On a boardwalk to our rear two young Venetians sat staring down at a pair of white-bikinied German girls. The boys swung their feet, bantering exaggeratedly, injecting words and expressions in English into their conversation. The girls did not turn to look, but they exchanged quick glances and a few words in hurried German.

"You spik English?" the taller and darker of the two boys asked. The girls giggled, one digging her feet deeper into the hot sand.

Across from us a couple lay in each other's arms. The girl wore a wedding band. She was fair, looked English. The man was obviously Italian.

I sipped my rapidly warming pinot grigio. From where it had fallen next to me in the sand, the title of my book appeared boldly: La Morte in Venezia.

Lynn sat up.

"Some wine?" I asked.

"No." As she settled back, I saw pubic hair peeping between her thighs. I looked quickly around. A third Venetian had joined the other two, but he looked over at Lynn.

The sun was hot and I finished my wine. I could smell Lynn's flesh under the sun. The third Venetian had moved away, but the first continued to press his suit.

"You swim?" he asked the girls. "You like swim in sea?"

He squatted on the splintery planks of the boardwalk, smiling down at the German girls.

"Jah, ve swim," said the tall girl, lighting a Muratti.

The couple across from us bolted for the sea. I noticed how much the girl resembled Lynn with her long legs and firm buttocks, her small shoulders and the upward tilt of her belly. They ran into the waves hand and hand, the girl's mouth open ecstatically, the man's eyes eager and knowing in his grave self-possession.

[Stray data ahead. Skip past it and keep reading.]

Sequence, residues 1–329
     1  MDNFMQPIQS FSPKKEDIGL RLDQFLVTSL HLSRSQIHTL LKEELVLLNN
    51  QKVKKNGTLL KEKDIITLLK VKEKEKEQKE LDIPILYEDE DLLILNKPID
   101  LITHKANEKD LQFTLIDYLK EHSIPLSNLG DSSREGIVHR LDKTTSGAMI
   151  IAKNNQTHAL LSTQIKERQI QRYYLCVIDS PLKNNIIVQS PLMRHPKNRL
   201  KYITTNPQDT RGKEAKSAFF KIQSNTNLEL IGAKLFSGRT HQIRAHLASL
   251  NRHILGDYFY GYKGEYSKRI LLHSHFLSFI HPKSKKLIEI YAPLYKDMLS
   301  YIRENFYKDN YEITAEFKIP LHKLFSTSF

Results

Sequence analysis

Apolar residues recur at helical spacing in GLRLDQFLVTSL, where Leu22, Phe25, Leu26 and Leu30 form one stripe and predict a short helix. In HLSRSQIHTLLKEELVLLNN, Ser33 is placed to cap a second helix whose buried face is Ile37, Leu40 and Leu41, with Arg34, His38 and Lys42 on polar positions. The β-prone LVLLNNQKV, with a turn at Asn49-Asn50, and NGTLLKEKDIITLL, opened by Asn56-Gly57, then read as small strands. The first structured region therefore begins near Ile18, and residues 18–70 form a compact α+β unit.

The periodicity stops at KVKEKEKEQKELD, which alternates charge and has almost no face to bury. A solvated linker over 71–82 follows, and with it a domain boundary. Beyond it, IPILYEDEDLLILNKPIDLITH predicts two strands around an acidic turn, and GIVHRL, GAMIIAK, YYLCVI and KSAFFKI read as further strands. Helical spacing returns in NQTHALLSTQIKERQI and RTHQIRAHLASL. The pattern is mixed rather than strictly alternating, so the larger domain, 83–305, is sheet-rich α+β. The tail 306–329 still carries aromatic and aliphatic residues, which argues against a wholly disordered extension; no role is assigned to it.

"Let's swim," I said to Lynn.

"Not now." As she spoke dryly from under her hat, I felt a churning in my stomach.

The Venetians had disappeared with the German girls. Then my eyes found them at the end of the boardwalk, where, suddenly, it took on stilts over the sea and dipped to bridge the gap between it and a float, crowded with bodies, skin flashing in the sun, sea spray flying — shouts, cries, laughter.

"Oh to live this way!" I scribbled in my notebook. "No thoughts or dreams, just the present, the now — the flesh."

I got up to buy a cold drink. The third Venetian had returned to gaze languidly at Lynn's thighs, his hand scratching under the front of a brief white bathing suit. The various musics of transistors rose and mingled in the hot air above us: Pretty polka dot bikini . . . Questa stanza non ha parete. . . Je veux voler. . . And near the cabanas teen age boys and girls danced to Elvis Presley, their tanned legs prancing in the sand. Women lay in rows, smoking and talking in Venetian, Milanese, Florentine, Roman and Romagnolo dialects, harsh Bolognese mingling with silky Venetian.

My head was dizzy from the wine, my throat parched.

"Want some Chinotto?" I asked Lynn, hoping she'd take a walk with me.

"You fetch it, please. Have you got enough money?"

I passed the Venetian, who continued to stare at Lynn as she resumed her sleep in the sun. The bar was crowded and there were unruly lines at the food counter.